Stars: William Hurt, Blair Brown, Bob Balaban and Charles Haid
To be honest, it’s been so long since I last saw Altered States that I’d forgotten that George Gaynes was in it and, as it turned out, he’s only just in it, with one scene late in the film with a few memorable lines. The same scenario applies to some of the other famous names that I’d forgotten about, like John Larroquette and Drew Barrymore, who debuted here at the age of five as the daughter of the leads, a couple of years before ET: The Extra-Terrestrial. She steals at least one scene here, simply by opening her mouth, unless that’s her screen sister, Megan Jeffers. Larroquette portrays an unnamed X-ray technician, who ironically enough, literally leads us to George Gaynes, playing the awkwardly named Dr Wissenschaft. Oddly, as a number of the future names, like Larroquette and Barrymore, have small roles, the other debuting actor isn’t so hamstrung. He’s William Hurt, who would win an Oscar on his first of four nominations, for Kiss of the Spider Woman, but here was just a brand new actor playing a peach of a leading role.
It’s at one of Arthur’s parties that Jessup meets Emily, another prodigy of a young scientist, but a physical anthropologist about to start teaching at Harvard. Before that happens, she becomes his wife. Suddenly, we’ve lost two months, as if we’ve been stretching out in Eddie’s flotation tank too and time has ceased to have quite the same meaning. If he had notable experiences in the tank, he continues to have them in the sack with Emily. ‘What are you thinking about?’ she asks him during sex. ‘God,’ is his thoughtful reply. ‘Jesus. Crucifixions.’ This eventually leads to one of the most memorable lines in the film, which bizarrely comes as part of her proposal of marriage, which is as unromantic as they come, given that she tells him that, ‘I feel like I’m being harpooned by some raging monk in the act of receiving God.’ We start to share some of this during his second session: blasphemous mixtures of sex, death and the Christ, which would be utterly amazing in anyone’s work but Ken Russell’s, in which they’re entirely expected.
Part of the reason that this film works is the introduction of Charles Haid as Mason Parrish, who works at the same university as Eddie and Arthur. He thinks that the other two are being utterly irresponsible, but he ends up involved anyway, mostly because the three work very well together from our perspective. If Hurt, as Eddie Jessup, is the visionary, the mad scientist, the focal point of everything we experience, the others are the response to what he does. Balaban as Arthur is the calm, studious believer, ready to allow Jessup’s next officially unsanctioned experiment to see where it goes and to monitor it to see what might happen. Haid as Mason is the far from calm disbeliever and his actions are almost violent to pretty much anything that happens, down to simple questions. ‘Do you believe in supernatural phenomena, Mason?’ he’s asked and his reply is a defiant, ‘No, sir, I do not!’ It’s a classic approach to something controversial: throw in someone who believes in it and someone who doesn’t and let battle commence.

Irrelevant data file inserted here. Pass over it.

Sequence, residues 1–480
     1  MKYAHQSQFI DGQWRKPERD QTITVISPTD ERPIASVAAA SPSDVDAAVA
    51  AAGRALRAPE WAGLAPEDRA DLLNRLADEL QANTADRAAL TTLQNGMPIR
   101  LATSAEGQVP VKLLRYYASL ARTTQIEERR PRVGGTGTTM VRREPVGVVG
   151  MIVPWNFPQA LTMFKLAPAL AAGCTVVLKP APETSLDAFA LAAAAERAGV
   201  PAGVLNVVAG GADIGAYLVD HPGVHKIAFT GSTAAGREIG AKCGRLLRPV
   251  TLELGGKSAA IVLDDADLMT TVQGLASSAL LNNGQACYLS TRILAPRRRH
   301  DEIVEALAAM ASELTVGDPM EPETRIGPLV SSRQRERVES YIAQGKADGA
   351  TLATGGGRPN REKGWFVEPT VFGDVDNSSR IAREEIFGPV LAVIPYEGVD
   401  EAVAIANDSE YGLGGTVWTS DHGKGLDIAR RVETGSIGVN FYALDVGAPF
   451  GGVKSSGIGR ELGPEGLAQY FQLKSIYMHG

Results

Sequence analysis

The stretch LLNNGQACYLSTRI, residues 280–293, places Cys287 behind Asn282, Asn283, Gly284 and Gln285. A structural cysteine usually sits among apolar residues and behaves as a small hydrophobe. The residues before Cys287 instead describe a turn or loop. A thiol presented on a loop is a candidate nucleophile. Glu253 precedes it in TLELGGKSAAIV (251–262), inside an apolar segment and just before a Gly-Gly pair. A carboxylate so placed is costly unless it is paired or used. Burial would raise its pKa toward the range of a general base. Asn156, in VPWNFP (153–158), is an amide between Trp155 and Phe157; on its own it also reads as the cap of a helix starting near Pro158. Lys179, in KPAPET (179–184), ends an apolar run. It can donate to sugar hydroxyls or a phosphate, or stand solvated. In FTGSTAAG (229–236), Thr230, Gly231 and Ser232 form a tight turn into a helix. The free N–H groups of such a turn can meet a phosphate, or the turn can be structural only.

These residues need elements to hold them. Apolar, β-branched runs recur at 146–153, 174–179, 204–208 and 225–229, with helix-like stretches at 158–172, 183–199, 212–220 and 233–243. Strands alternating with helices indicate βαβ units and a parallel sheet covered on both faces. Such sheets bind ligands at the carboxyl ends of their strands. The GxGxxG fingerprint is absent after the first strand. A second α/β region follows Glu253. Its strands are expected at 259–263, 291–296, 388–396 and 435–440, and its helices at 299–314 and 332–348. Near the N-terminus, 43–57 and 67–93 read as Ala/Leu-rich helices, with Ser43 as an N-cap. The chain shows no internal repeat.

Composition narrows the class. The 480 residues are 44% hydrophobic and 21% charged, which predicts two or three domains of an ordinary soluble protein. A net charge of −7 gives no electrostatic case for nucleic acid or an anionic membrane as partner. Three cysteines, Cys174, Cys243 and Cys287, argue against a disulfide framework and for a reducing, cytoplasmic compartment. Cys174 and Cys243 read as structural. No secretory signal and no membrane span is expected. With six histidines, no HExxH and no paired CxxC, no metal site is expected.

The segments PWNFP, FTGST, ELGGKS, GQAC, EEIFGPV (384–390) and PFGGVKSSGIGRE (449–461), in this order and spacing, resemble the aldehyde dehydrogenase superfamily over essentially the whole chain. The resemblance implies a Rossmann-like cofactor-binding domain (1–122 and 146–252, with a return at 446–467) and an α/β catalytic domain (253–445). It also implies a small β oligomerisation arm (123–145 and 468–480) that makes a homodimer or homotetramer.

To be fair, this is only half a science fiction movie anyway. The other half is firmly horror and it moves at steady pace from one to the other as Dr Jessup starts not only to experience primitive states but actually starts to regress physically to them. One of the longest sequences in the movie is the one where Jessup isn’t actually played by William Hurt but by Miguel Godreau, the former lead dancer with the Alvin Ailey American Dance Theater. In some ways it’s rather bizarre to see a primitive apelike creature played by a classically trained ballet dancer, but the approach works really well. He lopes and leaps and climbs, all in the very hairy nude. This sequence is almost entirely devoid of dialogue, just grunting as this regressed Jessup does what primitive apelike creatures would probably do if suddenly confronted with a landscape as alien to them as the America of the 1970s. Godreau does wonderful work, but the piece de resistance comes from Hurt, who smiles knowingly when released from jail. It’s a smile of vindication.
Today, it fits well with Russell’s other work, which always stands out even if it’s flawed. It sounds an odd and redundant thing to say but he was a very cinematic filmmaker, using visuals to tell stories as well as add to the ones already being told. He inherited the cast when he took over from Arthur Penn, but could have done a lot worse. William Hurt shows the promise that he soon lived up to, playing his challenging part with aplomb. Blair Brown is firmly in support as Emily, but she manages to steal some scenes from him. Bob Balaban and Charles Haid are exactly what they need to be to support the scientific side of the script, just as Charles White-Eagle carries the philosophical ones as the Mexican brujo. Down the credits, behind Barrymore and Larroquette and others is George Gaynes, who gets little to do with his one scene, but has a memorable line to deliver which he does with style. Parrish suggests that Jessup’s X-rays are ‘slightly abnormal,’ Gaynes looks at him askance and says, ‘Somewhat? The guy’s a fucking gorilla!’
RIP George Gaynes.